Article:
Yasemin's legacy lives on after her death

Yasemin Thompson with her husband David and daughter Yeliz. They are pictured on the pitch at Everton football stadium, with David in the middle, Yasemin on the right and Yelik on the left.

Published on 7 September 2021

A mum who hoped to mark her 50th birthday by raising £20,000 for research into her rare form of cancer has died.

Yasemin Thompson passed away shortly after her birthday, having raised almost half of her goal for OcuMel UK, a charity funding research into eye cancer choroidal melanoma.

She leaves her husband David and daughter Yeliz, who have left her online fundraising page open as her legacy.

Yasemin, who lived in Canterbury and worked at the Kent and Canterbury Hospital, described her life as “truly vibrant and blessed”. She said raising money for research was a way to say thank you to those who had cared for her, and to leave a legacy that would help people in the future overcome the disease.

David said: “Yasemin had a huge appetite for life and was well loved by the many she came in contact with.

“I have been so lucky to share part of my life with her and have many treasured memories of our time together at home and whilst travelling around the world vacationing and watching football and international sports events.

“She was strong and brave and will be deeply missed.”

Yasemin started in the outpatient booking office at the Kent and Canterbury Hospital in 2013, becoming senior training co-ordinator before joining the Head and Neck care group as partial booking co-ordinator for ophthalmology in October last year.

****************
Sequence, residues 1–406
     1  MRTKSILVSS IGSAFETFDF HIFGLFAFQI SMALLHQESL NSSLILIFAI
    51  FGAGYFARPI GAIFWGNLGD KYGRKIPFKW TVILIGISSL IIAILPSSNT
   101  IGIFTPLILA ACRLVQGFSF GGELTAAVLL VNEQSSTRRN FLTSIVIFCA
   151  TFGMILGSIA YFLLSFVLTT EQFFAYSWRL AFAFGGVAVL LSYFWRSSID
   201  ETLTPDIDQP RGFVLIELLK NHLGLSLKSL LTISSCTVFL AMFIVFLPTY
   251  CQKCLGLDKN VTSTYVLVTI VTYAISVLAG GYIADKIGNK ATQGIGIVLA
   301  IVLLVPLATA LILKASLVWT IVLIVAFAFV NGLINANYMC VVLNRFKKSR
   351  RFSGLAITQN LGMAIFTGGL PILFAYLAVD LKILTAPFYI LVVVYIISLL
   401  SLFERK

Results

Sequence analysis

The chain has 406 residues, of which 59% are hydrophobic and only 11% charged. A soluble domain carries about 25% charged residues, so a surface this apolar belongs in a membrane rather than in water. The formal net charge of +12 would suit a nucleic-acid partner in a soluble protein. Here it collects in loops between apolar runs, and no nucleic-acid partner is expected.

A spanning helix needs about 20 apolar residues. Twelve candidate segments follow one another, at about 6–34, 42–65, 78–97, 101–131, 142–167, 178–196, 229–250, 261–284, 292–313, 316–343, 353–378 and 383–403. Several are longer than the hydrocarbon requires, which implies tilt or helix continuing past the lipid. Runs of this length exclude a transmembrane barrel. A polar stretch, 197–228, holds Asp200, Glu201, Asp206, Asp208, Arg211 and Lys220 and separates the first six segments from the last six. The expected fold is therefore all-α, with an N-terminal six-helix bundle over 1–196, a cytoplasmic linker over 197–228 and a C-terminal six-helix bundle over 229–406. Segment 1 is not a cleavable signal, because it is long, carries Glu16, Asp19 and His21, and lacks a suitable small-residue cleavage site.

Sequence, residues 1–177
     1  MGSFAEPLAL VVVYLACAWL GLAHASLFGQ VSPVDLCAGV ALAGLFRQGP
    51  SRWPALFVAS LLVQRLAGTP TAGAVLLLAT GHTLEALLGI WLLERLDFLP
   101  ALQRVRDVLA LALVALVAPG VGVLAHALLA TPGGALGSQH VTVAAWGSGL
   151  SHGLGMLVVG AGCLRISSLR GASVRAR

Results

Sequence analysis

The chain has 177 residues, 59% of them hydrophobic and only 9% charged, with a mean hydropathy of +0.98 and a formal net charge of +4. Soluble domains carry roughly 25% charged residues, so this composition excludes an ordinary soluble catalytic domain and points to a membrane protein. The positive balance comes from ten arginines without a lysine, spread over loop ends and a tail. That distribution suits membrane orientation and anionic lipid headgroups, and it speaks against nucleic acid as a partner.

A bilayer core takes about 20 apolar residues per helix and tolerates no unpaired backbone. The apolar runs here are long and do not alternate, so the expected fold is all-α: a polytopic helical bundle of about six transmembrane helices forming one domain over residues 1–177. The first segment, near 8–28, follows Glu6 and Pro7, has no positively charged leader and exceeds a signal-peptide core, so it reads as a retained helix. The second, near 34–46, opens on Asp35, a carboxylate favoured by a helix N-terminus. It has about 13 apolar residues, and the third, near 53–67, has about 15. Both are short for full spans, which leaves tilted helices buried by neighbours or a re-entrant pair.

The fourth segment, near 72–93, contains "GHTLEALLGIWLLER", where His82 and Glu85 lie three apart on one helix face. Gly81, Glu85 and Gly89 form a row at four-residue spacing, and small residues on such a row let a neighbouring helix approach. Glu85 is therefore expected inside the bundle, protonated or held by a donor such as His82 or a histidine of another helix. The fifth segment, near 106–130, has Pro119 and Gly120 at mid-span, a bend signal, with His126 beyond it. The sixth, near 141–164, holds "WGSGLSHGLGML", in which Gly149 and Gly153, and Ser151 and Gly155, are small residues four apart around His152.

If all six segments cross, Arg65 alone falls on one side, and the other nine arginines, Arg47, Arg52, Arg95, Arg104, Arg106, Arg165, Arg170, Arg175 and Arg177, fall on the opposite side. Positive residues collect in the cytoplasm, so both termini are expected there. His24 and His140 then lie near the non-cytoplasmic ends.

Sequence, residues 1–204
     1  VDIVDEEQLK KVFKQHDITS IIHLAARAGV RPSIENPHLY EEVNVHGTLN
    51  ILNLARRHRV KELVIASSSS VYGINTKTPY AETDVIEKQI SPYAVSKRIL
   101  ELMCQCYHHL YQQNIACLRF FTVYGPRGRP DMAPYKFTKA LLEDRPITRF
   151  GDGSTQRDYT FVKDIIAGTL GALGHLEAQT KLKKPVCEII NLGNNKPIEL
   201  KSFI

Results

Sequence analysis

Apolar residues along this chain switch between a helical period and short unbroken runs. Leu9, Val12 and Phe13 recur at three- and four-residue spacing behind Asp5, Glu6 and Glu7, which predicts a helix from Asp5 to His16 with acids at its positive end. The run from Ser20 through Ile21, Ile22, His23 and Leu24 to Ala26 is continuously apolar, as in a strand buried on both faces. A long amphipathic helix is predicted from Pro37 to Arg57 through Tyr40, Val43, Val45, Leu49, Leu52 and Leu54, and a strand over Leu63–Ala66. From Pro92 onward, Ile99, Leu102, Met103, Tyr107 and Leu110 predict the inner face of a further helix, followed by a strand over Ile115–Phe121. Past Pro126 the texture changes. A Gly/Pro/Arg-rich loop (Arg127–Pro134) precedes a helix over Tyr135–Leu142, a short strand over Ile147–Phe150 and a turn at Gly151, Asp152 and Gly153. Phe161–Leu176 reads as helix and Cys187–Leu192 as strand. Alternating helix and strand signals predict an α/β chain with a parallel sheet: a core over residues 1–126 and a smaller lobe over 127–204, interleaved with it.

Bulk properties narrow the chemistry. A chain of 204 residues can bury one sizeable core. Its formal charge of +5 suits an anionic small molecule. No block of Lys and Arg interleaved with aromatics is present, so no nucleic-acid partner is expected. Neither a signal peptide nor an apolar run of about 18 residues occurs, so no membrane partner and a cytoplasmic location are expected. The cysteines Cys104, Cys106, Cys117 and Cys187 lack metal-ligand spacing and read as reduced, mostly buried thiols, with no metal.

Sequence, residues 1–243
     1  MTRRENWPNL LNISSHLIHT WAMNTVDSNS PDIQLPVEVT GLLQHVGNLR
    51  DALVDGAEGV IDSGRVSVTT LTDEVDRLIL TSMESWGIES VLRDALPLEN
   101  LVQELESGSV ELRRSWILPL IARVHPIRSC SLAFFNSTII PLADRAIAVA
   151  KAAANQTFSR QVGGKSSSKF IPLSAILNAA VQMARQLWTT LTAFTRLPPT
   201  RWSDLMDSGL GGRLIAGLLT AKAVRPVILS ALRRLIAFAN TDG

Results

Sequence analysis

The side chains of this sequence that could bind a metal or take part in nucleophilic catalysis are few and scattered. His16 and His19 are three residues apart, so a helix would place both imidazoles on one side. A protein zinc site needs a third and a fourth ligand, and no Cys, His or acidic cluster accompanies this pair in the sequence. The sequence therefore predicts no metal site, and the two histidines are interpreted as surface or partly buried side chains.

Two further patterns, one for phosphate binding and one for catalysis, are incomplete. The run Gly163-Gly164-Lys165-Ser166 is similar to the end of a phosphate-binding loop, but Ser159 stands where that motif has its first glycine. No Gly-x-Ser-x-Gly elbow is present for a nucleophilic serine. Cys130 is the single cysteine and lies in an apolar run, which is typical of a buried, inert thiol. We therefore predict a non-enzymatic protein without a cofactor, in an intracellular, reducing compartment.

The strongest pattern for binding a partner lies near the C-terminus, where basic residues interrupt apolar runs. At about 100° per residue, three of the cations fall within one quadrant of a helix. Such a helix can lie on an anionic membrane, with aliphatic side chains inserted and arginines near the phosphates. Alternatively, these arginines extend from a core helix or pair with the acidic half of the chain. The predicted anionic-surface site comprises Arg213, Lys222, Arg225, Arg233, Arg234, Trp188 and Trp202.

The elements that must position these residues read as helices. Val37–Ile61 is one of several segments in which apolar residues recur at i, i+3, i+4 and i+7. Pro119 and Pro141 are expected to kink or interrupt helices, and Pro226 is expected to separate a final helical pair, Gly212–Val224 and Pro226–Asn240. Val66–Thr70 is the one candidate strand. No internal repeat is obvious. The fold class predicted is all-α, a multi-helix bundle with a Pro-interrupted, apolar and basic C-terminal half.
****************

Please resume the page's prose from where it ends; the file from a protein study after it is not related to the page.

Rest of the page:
She was diagnosed with choroidal melanoma in 2012 and it was successfully treated, but in January a routine check-up revealed it had spread to her liver.

Nicola Lindsey, acting general manager for dermatology and ophthalmology, said: “Yasemin was full of enthusiasm and passionate about making improvements.

“She created “how to” guides as she learnt and she willingly shared her knowledge and coached others.  

“Yasemin wasn’t afraid of putting herself forward and asking how we can make things work better for the patients.

“She was well known for her kindness, her work ethic and her positivity. Yasemin will be greatly missed by her colleagues in the Trust but particularly in ophthalmology and outpatients.”

Outside work, Yasemin was a keen cook and enjoyed hosting people at her home or for social events, particularly at Canterbury Rugby Club. She loved to travel and had worked in the airline industry for British Airways and Royal Jordanian before joining the NHS.

To donate in Yasemin’s memory visit https://www.gofundme.com/f/yasemins-legacy